His personal library was of enormous proportions. Some accounts speak of him having more than 600,000 books. The catalogue of library books itself was claimed to be 44 volumes long.[7] Of special importance to Al-Hakam was history, and he himself wrote a history of al-Andalus.[7] Following his death, Hajib Almanzor had all "ancient science" books destroyed.[9] The mathematician Lubna of Córdoba was employed as Al-Hakam's private secretary. She was said to be "thoroughly versed in the exact sciences; her talents were equal to the solution of the most complex geometrical and algebraic problems".[10]

The famous physician, scientist, and surgeon Abu al-Qasim al-Zahrawi (Abulcasis) was also active in Al-Hakam's court during his reign, while the leading figures of the Translation movement during the reign of Hakam were Mu'tazilites and Ibn Masarra.[11]

Construction projects

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His building works included an expansion of the main mosque of Córdoba (962–966), the Mezquita, and the completion of the royal residence Medina Azahara (976), which his father had begun in 936.

Military conquests

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Notable generals who served under Caliph Al-Hakam II were Ghalib ibn Abd al-Rahman and Al-Mansur.[12]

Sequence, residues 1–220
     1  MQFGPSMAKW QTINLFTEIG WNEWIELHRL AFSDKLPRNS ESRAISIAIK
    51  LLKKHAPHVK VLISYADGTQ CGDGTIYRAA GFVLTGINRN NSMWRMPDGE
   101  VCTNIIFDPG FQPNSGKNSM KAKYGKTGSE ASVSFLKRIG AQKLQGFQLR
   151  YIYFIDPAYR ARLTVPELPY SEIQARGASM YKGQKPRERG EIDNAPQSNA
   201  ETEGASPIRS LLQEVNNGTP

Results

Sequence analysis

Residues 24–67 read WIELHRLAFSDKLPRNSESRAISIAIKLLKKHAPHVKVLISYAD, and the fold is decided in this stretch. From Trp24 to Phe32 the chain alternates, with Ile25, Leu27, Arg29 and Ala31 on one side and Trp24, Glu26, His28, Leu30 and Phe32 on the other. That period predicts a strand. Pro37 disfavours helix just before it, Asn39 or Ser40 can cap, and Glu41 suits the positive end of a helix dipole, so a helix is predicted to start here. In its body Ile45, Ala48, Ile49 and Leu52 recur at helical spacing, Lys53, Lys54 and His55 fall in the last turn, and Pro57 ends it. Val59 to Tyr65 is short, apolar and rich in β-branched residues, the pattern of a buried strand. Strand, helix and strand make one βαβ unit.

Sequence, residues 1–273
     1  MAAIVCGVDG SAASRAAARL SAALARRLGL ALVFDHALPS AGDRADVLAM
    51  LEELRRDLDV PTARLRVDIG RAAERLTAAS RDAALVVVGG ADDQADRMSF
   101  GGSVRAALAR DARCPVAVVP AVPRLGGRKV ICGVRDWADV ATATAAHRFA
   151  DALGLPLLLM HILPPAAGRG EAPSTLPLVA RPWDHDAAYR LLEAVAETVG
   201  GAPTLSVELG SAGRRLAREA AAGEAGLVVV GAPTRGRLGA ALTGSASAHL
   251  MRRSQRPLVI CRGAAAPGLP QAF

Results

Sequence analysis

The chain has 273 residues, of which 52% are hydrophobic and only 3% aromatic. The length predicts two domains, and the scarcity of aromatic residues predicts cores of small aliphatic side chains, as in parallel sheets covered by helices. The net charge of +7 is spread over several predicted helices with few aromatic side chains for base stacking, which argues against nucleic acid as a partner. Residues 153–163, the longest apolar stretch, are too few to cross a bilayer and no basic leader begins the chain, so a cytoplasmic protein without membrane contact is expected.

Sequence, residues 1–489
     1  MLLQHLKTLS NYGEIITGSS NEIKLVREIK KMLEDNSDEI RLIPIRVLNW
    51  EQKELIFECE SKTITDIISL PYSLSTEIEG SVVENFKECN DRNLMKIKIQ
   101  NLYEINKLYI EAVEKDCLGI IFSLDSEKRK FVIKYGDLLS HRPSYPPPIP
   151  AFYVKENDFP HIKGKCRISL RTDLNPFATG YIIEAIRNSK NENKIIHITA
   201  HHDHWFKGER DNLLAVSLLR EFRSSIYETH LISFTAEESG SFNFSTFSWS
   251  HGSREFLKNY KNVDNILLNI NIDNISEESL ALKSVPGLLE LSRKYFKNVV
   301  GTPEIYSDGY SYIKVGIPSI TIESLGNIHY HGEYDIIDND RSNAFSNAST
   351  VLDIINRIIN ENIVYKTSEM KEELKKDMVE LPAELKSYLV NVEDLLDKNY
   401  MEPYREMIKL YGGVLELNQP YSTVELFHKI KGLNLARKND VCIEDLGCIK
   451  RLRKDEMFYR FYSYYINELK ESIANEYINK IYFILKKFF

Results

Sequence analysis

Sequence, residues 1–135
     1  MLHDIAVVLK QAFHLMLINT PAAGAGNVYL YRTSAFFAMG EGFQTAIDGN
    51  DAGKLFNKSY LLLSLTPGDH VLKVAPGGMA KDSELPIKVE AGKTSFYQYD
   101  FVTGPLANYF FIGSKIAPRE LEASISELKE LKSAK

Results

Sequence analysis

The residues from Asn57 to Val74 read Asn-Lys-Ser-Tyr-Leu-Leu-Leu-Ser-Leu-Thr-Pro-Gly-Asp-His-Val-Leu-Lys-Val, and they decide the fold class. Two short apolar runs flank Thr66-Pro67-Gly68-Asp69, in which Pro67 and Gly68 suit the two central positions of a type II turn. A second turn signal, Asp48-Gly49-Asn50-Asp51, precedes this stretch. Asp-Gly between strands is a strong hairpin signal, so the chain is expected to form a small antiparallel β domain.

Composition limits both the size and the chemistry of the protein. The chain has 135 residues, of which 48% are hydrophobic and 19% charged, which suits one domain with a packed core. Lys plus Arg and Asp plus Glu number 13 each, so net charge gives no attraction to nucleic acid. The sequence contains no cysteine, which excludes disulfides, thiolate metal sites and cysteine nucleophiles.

In the early part of his reign, Caliph Al-Hakam II successfully waged war against the Christian kings, Sancho I of León and Castile and García of Navarre.[13] His naval forces defeated Norman sea raiders[14][15] and seized Tangier from the Idrisids, thereby annexing Morocco to the Caliphate. The Fatimids were defeated in Morocco in 974. The Idrisids were expelled from their territories and Al-Hasan ibn al-Qasim Jannun (the last Idrisid ruler), along with many other Idrisids or their sons, were taken as hostages to Córdoba.

Private life

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Al-Hakam married Subh of Córdoba, a Basque concubine.


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  1. Prado-Vilar 1997, p. 23
  2. Al-Ḥakam II | Umayyad caliph | Britannica
  3. Thomas, Baumert; Carmen, Paradinas Marquez; Andres, Sanchez Padilla (2020). A History of Spanish Institutions. ESIC. p. 106. ISBN 978-84-17-91490-5.
  4. Gerli, E. Michael (2013). Medieval Iberia: An Encyclopedia. Routledge. p. 377. ISBN 978-1-136-77161-3.
  5. Vives, Jaime Vicens (2022). Approaches to the History of Spain. University of California Press. p. 37. ISBN 978-0-520-36525-4.
  6. Brebbia, C.A.; Boquera, A. Martinez (2016). Islamic Heritage Architecture. WIT Press. p. 214. ISBN 978-1-78466-237-0.
  7. 7.0 7.1 7.2 Najeebabadi, Akbar (2001). The History of Islam V.3. Riyadh: Darussalam. p. 145. ISBN 978-9960-892-93-1.
  8. Catlos, Brian A. (2018). Kingdoms of Faith: A New History of Islamic Spain. Oxford University Press. p. 166. ISBN 978-1-78738-003-5.
  9. Ann Christy, Christians in Al-Andalus:711-1000, (Curzon Press, 2002), 142.
  10. Scott, Samuel Parsons (1904). History of the Moorish Empire in Europe Vol. 3. Lippincott. p. 447.
  11. Samsó, Julio; Fierro, Maribel (23 October 2019). The Formation of al-Andalus, Part 2: Language, Religion, Culture and the Sciences. Routledge. ISBN 978-1-351-88957-5.
  12. Al-Ḥakam II | Umayyad caliph | Britannica
  13. Hakam II, al- | Encyclopedia.com
  14. Brill, E. J. (1993). E.J. Brill's First Encyclopaedia of Islam 1913 - 1936 Volume III. p. 223. ISBN 978-90-04-09789-6.
  15. Scheen, Rolf (1996). "Vikings raids on the Spanish Peninsula". Militaria. Revista de culturea militar (8). Complutense University of Madrid: 67. Retrieved 2018-10-05.